Placing Users First and Plugging the Leaky Data Faucet

Image via Shutterstock.com

Image via Shutterstock.com

The Ponemon Institute notes that the average cost of a data breach is $5.4 Million. Due to the rise of simple file collaboration solutions, data breaches happen in new and unexpected ways, catching unaware executives off-guard. These breaches often start like a leaky faucet, with one small drip at a time. Avoid the multi-million dollar cleanup bill by understanding the relationship between user experience and data security.

User Experience defined
Simply put, user experience (often abbreviated UX) is the sum of the subjective feelings of utility, ease of use, and efficiency that a person experiences when using a digital interface. When a website is too complicated or doesn’t work as expected, the UX is said to be poor. The best UX a person can have is when the system works naturally with their current needs and provides a solution with little or no friction. Apple’s iOS is universally lauded as such an experience. In fact, infants are able to quickly understand and interact with iOS even before developing speech or literacy.

The executive knowledge gap
Managers are often unaware of the risk created when a poor UX is introduced into the lives of employees. Be it an email program or a policy, a bad experience will undoubtedly result in employees seeking other solutions, but when it comes to corporate data, other solutions could present major security threats.

Overcoming the UX gap
While most executives are not specialists in evaluating user experience, starting with operational realities often yields similar insights. Reviewing several key areas can help managers understand if they have a UX problem that could eventually lead to an unintentional (and costly) data breach, and implementing the steps listed below can ensure that breach doesn’t happen.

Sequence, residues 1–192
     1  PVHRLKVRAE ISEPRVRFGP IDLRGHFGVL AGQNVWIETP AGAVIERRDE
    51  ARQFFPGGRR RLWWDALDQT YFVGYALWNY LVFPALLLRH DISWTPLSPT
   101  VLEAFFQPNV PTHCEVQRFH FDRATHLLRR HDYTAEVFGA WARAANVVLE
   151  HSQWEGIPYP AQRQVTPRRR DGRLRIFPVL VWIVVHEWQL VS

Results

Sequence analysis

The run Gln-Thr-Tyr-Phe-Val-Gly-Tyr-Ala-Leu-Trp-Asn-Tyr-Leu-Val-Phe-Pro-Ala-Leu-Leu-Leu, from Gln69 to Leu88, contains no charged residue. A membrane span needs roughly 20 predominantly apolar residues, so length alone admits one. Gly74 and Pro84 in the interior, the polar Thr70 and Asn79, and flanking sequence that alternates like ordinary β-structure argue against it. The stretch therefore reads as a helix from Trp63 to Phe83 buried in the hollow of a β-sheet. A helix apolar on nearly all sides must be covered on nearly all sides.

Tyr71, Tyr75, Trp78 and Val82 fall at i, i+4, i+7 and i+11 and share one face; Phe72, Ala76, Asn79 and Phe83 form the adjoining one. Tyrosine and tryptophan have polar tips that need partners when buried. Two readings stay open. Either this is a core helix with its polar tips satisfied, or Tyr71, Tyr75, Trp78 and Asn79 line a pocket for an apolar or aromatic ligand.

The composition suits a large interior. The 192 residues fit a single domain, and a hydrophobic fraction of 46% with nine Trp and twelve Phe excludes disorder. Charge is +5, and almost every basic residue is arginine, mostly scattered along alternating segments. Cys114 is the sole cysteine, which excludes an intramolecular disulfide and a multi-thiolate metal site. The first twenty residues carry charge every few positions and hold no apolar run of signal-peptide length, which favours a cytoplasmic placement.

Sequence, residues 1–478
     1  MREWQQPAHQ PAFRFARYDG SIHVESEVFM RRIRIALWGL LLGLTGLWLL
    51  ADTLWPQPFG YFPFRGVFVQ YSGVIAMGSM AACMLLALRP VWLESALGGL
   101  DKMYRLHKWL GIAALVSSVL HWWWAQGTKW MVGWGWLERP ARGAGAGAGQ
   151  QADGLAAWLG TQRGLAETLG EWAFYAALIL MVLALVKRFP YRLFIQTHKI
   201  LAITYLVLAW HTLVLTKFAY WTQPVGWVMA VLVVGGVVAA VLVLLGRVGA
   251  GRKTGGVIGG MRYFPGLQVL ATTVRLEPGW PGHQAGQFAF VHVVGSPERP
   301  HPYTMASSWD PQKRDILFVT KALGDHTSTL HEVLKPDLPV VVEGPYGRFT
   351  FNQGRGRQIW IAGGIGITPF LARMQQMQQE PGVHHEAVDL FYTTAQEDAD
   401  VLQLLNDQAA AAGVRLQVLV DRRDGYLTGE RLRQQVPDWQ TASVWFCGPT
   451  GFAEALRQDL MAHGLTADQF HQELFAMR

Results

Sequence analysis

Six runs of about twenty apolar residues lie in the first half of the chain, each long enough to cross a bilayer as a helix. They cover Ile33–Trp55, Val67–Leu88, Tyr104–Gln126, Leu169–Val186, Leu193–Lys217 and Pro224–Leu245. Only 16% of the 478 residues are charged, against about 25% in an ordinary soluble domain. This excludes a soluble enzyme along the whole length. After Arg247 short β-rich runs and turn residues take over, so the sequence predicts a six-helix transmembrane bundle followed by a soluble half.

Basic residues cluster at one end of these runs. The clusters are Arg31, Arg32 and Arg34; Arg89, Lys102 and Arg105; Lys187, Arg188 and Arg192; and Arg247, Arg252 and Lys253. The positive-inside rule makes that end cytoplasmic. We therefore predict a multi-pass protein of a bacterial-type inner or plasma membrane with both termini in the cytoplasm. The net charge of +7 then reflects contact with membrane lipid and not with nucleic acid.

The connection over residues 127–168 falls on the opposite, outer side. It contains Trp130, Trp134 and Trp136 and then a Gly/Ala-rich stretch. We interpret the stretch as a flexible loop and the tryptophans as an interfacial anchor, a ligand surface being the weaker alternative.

1. Provide guidance on using secure passwords that are unique to each outlet. Using an encrypted password storage application may help ease the UX friction.
  2. Advise on the proper protocol for file transfers between clients, vendors, and stakeholders. If your network does not manage this for you, implementing a simple, outside solution may be the best course of action.
  3. Ensure file collaboration is happening in a controlled, secure environment that doesn’t get in its own way. This means employees should be able to freely collaborate while leaving a proper audit trail.

By applying principles of UX to corporate information systems, managers can eliminate legal exposure while providing employees with buy-in to the interfaces they are required to use every day. This win-win scenario fixes the leaky data faucet and could end up saving the company millions.

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